Despite what you’ve read, fly fishing isn’t a perfect game of pitch & catch with trout. Incredibly seldom do you get an open cast with drift and the pop of a head taking that dry fly. It’s far more blue collar. If you aren’t wallowing in mud, crawling through brambles, holding a rock or tree to not fall off a cliff, or having to do some random act to try to reach a fish, you’re likely fly fishing with the Housewives on Wisteria Lane.
It’s once in a while that things go ‘just so’, and Amelia had one about a week ago.
We fished up a small stream that we’d had some success on further up and wanted to walk through the small gorge lower down. The first run and pool we came to was perfect. A shallow tailout and a head popped twice. We approached but there was no fish. We stepped forward and finally saw it on the inside flat below a large willow reaching out and through the water. It cycled up and down through the run a couple of times before Amelia was ready to have a go. It fed several times, including one smashing top take on the inside flats. None of us said it but we all were expecting a smashing top take on her sedge pattern. The first cast was short and thankfully the fish didn’t come downstream to take. The second cast was spot on to where the fish had smashed the surface of the inside flat. No response. Third cast… that one cast was the most beautiful thing I’d seen in fly fishing in some time. Gin clear water, a cast that laid out flat and straight, landing 4 feet above the brown, the drift and a good fish rising up in a sunspot to take the nymph just subsurface. The big, white mouth opening to take; the hook set; the ripping out of line.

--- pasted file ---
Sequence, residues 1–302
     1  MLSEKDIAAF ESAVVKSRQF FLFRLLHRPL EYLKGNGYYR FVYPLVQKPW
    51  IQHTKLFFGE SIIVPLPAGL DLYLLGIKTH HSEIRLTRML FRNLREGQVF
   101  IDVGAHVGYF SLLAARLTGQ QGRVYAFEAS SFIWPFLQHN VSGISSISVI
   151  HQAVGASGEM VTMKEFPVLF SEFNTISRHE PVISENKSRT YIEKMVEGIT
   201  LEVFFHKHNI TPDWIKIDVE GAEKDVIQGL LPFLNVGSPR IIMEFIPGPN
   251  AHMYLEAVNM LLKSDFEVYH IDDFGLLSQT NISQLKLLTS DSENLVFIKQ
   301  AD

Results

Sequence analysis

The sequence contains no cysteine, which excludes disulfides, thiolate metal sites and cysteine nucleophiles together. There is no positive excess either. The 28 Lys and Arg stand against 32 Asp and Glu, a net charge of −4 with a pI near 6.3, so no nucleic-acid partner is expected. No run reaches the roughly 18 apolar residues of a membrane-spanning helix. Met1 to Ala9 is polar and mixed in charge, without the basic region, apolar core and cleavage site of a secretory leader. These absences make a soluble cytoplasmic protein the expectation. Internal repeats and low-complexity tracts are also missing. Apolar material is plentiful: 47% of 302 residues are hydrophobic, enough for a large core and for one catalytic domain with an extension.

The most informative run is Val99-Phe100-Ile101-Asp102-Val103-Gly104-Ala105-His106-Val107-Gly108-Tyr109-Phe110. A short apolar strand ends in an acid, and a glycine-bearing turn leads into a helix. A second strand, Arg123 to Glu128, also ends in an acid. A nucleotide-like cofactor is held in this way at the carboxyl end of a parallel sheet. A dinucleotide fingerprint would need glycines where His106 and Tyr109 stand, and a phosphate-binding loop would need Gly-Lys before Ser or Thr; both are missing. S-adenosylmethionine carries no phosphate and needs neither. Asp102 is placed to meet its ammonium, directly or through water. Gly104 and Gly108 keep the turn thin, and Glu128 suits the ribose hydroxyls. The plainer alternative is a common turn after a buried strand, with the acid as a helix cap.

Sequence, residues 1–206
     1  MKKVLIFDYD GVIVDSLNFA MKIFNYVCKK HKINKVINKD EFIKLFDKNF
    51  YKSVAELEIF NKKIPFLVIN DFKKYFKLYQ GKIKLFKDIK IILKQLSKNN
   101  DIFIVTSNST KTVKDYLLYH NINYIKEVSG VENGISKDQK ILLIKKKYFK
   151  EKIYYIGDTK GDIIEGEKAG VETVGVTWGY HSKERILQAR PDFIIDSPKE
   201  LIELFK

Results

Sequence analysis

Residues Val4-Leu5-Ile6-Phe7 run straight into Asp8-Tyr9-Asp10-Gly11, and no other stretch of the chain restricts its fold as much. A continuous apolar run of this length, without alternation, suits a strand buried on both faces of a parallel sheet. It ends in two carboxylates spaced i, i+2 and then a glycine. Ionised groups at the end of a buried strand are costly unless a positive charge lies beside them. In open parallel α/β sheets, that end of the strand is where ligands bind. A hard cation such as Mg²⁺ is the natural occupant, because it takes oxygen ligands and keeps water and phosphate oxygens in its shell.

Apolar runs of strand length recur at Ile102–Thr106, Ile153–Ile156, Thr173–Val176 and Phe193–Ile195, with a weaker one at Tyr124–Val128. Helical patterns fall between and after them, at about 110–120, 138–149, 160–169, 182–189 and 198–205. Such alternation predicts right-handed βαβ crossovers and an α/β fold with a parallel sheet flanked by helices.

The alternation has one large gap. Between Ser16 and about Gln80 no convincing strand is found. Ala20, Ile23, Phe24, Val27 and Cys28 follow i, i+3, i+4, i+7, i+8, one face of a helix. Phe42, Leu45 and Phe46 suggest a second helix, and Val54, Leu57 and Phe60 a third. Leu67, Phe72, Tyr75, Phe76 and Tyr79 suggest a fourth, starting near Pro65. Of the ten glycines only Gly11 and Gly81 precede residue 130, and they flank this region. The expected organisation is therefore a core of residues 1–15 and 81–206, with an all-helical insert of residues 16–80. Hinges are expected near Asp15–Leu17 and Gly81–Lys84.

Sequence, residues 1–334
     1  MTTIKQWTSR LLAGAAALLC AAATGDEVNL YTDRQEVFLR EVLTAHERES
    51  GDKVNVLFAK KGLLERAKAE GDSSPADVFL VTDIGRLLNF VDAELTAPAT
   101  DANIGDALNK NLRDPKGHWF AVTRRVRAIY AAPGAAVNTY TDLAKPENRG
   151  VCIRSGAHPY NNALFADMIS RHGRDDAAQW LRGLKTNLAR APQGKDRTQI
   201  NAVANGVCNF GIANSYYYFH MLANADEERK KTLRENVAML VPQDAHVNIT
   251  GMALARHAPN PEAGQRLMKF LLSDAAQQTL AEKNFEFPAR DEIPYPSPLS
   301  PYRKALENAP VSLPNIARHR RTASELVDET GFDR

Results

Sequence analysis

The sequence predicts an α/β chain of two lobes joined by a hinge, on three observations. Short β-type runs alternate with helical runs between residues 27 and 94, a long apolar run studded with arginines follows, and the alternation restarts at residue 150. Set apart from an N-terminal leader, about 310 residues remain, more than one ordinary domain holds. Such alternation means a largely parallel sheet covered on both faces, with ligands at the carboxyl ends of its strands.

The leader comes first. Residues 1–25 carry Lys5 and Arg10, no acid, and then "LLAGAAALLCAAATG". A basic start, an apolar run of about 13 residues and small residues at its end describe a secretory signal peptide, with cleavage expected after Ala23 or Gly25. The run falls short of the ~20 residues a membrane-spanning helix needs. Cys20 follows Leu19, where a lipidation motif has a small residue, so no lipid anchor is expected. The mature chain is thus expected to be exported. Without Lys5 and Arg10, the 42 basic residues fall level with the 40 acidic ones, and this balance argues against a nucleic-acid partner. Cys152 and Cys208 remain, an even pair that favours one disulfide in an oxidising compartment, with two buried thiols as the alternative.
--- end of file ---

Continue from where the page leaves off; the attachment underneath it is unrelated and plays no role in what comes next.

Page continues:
Then things got quickly imperfect. That willow across the creek? Enter fish. Bugger. Amelia did her best but that fish was in there, locked. She kept the rod tip low and to the side, tip in the water. But it was wedged. I slid over and above the willow to try to scoot the fish out or to see if I had to dig for fish. As I got over I saw it wrapped on a submerged branch but it somehow rolled free and AJ pulled the fish out. Things got even less perfect as the dry was now in its anal fin.
As we all know, fish hooked sideways always fight harder, this one no exception. AJ did a good job and it finally came to net.
We were happy to get it in the net after all that and smiles abound from the 3 merry anglers!
As I turned to give AJ the fish in the net, it was gone, however. It was racing through the pool, heading home. That was when we realized our brand new net had a hole cut in it from the 2 days previous, bush bashing matagouri. But the fish was still on, somehow. Amelia fought it well and once again brought it to me. In the shallows, the fish was almost ready for netting again and I went to scoop it but with the line through the net I had to flip the net on top of the fish to keep it in place rather than scooping, as the leader kept me from that motion. That didn’t work either and the fish once again bolted. I apologized to AJ as I knew the fish must surely be gone with me likely snapping it off.
Amelia & Jack told me it was still on! Jack came up with the idea of the moment: to slide the line, rod, and reel through the hole in the net. With the fish no doubt caring for our predicament, we did so. We slide that net over the rod and past the reel. And we landed the damned fish. If I remember correctly it was 5.5 pounds. And a fit, gorgeous fish.
Such a perfect moment. 😉